28-year old goaltender Dany Sabourin was the second player to sign in Boston on Tuesday, joining Fata with another one-year deal. Sabourin's journey to the NHL began in the summer of 1998, when he was taken in the fourth round of the NHL Entry Draft by the Calgary Flames. After spending three seasons with the QMJHL's Sherbrooke Castors, Sabourin found himself in a similar boat as Fata, picking up frequent flier miles between the AHL and ECHL. Finally, in 2002, the Val-d'Or, QC native was able to secure a spot with the Saint John Flames, going 15-17-4 in 41 appearances. 2003-04 was an interesting campaign for Sabourin, as he spent time at three different levels. The netminder went 6-3-1 in the ECHL with the Las Vegas Wranglers, 5-7-2 with the AHL's Lowell Lock Monsters, and 0-3 in his first four NHL appearances with Calgary.

The summer of 2004 was a time of change for Sabourin, as he found a new home with the Pittsburgh Penguins' organization. After going 19-6-1, with a 1.67 goals against average, and a .942 save percentage in 27 games with the Wheeling Nailers, it became obvious that the AHL was where Sabourin belonged. In two seasons with the Wilkes-Barre/Scranton Penguins, the 6-foot-4 backstop went 38-22-6, earning recognition as the AHL's top goaltender in 2005-06.

The wild ride continued in October of 2006, as Sabourin was claimed off of waivers by the Vancouver Canucks. Unfortunately, he only played in eleven games during the 2006-07 season, going 2-4-1 in Vancouver and 1-1 in Manitoba with the Moose. Unhappy with his lack of playing time, Dany returned to the Penguins, where he earned an NHL roster spot behind Marc-Andre Fleury. Sabourin spent 43 games with Pittsburgh over the last two years, posting a record of 16-17-3. The 28-year old was then traded to the Edmonton Oilers, leading to a 5-6-2 finish to the campaign with the AHL's Springfield Falcons.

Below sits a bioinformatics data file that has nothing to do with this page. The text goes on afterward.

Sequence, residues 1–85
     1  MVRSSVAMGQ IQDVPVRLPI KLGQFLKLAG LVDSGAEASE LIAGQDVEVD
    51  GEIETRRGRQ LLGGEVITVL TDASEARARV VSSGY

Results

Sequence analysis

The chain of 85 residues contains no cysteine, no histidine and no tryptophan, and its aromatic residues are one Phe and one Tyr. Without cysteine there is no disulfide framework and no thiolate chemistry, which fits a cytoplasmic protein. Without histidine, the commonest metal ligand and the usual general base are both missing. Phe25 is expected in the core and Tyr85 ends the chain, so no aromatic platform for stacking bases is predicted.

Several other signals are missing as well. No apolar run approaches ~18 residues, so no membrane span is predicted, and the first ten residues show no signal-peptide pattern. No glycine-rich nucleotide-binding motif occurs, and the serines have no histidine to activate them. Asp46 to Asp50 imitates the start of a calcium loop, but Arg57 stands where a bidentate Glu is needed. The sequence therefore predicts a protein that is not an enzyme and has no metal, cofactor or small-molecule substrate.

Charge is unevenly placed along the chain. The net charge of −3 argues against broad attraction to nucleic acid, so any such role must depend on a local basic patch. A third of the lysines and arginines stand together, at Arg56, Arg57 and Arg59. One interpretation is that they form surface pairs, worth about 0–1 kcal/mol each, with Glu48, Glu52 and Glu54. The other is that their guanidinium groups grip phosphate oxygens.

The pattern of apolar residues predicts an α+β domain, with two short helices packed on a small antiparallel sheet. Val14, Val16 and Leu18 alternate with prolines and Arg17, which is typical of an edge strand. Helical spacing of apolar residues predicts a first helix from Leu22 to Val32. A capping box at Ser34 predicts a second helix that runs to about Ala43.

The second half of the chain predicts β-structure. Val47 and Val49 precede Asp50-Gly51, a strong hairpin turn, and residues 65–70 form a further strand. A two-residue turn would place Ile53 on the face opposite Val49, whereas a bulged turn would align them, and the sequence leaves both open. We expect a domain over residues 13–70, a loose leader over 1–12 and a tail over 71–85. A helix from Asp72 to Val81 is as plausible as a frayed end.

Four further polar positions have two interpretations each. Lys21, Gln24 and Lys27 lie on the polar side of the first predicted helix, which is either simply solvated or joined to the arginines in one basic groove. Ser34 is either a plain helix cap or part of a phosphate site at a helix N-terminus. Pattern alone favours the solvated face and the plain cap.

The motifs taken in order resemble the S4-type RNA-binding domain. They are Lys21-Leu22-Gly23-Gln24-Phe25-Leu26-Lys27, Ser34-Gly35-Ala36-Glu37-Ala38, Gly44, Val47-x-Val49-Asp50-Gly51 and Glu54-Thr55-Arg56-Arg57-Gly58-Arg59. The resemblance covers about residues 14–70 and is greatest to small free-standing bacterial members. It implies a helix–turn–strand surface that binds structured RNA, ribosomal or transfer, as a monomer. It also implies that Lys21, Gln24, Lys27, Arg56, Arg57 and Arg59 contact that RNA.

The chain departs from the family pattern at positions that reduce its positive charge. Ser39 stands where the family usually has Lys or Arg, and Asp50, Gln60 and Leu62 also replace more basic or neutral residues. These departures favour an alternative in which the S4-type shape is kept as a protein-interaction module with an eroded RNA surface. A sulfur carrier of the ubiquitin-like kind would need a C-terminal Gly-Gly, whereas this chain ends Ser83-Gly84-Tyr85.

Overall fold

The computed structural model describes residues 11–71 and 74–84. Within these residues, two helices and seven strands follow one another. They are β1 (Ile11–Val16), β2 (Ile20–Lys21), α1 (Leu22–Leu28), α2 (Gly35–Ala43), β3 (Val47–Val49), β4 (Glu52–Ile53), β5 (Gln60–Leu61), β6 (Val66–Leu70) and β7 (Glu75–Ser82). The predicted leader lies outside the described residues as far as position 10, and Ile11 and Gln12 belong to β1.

With histories covered, it's now time to define the roles for these two new members of the Boston Bruins. Drew Fata will likely begin training camp on the border. Depending on how quickly Matt Hunwick recovers from his spleen surgery, Fata could find himself in the NHL if he has a successful camp. If not, he will be a tremendous veteran piece to add to the Providence blueline, more or less taking the place of Johnny Boychuk, assuming that Boychuk is able to make the big club as a sixth or seventh defenseman.

As for Dany Sabourin, let the battle of the backups begin! Because of the potential that Tuukka Rask has, Sabourin is currently being looked at as the underdog. In all likelihood, Sabourin will be the starting netminder for the Providence Bruins when October rolls around. However, Rask will have to perform well in training camp and during the season, or else the two could swap positions. The players that this becomes interesting for are Kevin Regan and Matt Dalton. With Tim Thomas, Rask, and Sabourin all signed as numbers one, two, and three, there is only one spot left in Providence. After backing up last season, Regan might look to sign elsewhere, hoping for a starting job in the AHL. Regan's decision would ultimately affect whether Dalton begins the year in the AHL or the ECHL.

In terms of the current action around the Boston Bruins, the team began the 2009 Development Camp on Tuesday with medical and physical testing. However, everyone will be looking forward to 9:30 on Wednesday morning, as the young guns hit the ice at Wilmington's Ristuccia Arena for the first on-ice segment of the week. Wednesday also features an off-ice workout at noon.